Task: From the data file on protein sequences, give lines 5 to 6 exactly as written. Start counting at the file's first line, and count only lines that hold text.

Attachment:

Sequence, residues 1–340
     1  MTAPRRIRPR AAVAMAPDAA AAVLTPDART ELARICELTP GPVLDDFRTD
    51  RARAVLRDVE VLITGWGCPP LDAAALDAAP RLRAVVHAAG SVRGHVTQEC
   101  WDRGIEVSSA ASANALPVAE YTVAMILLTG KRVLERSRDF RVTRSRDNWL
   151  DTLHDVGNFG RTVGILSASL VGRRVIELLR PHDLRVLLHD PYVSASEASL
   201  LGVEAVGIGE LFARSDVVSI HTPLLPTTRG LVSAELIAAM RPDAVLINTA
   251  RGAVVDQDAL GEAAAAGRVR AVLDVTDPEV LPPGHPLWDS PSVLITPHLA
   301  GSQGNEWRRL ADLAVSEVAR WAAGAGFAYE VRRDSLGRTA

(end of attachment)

   151  DTLHDVGNFG RTVGILSASL VGRRVIELLR PHDLRVLLHD PYVSASEASL
   201  LGVEAVGIGE LFARSDVVSI HTPLLPTTRG LVSAELIAAM RPDAVLINTA